Thinking and doing

Every successful project strikes a good balance between divergence and convergence. Yes – this applies to every single project.

Divergence is about exploring new ideas and fresh perspectives through creativity and lateral thinking. The team needs to examine enough possible approaches before selecting their best approach.

Convergence is about translating thought into action and plans into outcomes. It involves heads-down work on pushing the project towards the finish line. A converging team sticks to the selected approach, meets deadlines and ships the project.

Most teams fail to strike a good balance between convergence and divergence.

The first challenge comes with different team members operating differently. Some team members are too divergent with their thinking, while others are too convergent. Good team work synergizes the two, whereas in dysfunctional teams, they cancel each other out.

The second challenge is that the right mix depends upon the project stage. At the start of a project, more diverging thinking is needed, and the project approaches the end, it needs to converge more. Flipping this order around is a recipe for disaster.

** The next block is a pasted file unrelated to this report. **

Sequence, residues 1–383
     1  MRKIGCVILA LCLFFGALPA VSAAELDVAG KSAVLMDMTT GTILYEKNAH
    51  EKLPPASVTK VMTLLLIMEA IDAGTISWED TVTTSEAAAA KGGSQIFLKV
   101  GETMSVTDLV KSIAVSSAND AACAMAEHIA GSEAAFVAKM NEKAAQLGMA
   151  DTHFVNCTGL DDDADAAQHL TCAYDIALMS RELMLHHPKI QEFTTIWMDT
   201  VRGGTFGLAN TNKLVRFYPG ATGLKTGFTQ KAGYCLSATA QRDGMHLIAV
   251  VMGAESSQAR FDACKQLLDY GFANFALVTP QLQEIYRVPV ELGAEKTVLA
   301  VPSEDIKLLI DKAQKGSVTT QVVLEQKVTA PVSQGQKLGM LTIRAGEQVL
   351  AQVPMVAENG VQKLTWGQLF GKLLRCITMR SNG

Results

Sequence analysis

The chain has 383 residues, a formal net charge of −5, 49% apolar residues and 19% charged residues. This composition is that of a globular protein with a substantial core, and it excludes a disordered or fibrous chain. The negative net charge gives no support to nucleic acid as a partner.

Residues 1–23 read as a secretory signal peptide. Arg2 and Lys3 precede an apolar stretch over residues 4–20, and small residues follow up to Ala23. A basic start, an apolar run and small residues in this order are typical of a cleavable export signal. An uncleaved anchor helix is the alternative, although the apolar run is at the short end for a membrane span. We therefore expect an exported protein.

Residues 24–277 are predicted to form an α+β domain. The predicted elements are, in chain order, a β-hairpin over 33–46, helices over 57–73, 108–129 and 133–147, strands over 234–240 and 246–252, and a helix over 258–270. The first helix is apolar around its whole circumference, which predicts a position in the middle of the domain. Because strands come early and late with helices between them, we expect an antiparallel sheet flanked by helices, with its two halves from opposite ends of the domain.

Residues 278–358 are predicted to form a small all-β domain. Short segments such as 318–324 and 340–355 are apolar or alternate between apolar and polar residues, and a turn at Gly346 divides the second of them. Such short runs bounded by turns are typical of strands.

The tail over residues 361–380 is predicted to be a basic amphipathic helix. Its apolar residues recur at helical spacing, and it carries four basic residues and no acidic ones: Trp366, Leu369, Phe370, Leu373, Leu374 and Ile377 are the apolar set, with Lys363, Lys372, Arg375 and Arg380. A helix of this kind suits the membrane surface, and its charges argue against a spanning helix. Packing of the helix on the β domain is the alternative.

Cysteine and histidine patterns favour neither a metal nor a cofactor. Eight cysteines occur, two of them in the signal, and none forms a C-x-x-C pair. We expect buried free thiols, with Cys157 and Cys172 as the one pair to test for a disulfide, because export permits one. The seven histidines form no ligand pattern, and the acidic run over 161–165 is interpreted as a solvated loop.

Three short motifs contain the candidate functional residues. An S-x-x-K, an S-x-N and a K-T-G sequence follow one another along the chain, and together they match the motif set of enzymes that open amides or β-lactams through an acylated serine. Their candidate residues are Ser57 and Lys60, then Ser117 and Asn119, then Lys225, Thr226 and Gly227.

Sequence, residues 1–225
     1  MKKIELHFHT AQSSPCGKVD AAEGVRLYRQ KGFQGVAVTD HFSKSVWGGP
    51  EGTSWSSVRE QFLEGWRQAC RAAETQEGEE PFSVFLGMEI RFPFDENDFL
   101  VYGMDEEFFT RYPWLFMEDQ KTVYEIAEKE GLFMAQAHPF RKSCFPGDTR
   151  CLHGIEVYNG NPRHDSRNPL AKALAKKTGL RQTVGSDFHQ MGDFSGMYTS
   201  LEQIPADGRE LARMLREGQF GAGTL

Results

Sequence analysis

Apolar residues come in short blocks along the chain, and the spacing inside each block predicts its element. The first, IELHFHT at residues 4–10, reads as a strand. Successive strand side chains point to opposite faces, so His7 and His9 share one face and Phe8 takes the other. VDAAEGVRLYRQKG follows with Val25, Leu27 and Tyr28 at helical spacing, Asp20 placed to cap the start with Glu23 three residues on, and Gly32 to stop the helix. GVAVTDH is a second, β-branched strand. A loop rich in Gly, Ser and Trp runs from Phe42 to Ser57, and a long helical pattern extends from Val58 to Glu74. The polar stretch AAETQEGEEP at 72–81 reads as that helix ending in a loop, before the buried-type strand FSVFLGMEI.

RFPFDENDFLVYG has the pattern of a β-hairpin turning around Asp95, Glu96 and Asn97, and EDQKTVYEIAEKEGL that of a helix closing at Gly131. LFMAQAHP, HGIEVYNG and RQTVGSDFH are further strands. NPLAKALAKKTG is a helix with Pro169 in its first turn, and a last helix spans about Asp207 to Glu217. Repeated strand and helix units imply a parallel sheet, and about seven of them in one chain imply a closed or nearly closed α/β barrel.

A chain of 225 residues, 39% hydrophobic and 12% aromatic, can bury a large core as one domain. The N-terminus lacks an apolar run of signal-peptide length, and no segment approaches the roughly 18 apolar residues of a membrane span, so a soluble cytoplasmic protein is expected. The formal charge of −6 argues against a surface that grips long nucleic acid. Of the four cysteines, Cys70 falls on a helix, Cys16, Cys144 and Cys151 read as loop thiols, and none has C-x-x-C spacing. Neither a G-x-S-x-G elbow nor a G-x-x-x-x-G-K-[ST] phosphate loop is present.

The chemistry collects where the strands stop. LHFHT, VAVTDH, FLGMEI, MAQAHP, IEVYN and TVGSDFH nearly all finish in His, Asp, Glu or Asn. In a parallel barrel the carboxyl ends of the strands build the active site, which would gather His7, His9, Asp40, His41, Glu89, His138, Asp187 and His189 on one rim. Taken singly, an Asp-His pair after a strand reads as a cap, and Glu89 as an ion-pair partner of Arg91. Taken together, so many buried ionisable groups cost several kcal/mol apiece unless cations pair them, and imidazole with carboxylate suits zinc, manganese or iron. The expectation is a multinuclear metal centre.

The third challenge is to switch seamlessly between convergence and divergence depending on the situation. During a brainstorming session, a team needs to channel divergent thinking. But as the session draws to an end, it needs to converge on the next steps. Whenever the project threatens to converge on an unforeseen disaster, the team needs to immediately diverge and course correct.

The beauty of this principle is the broadness of its applicability. Does your project team have the right mix?

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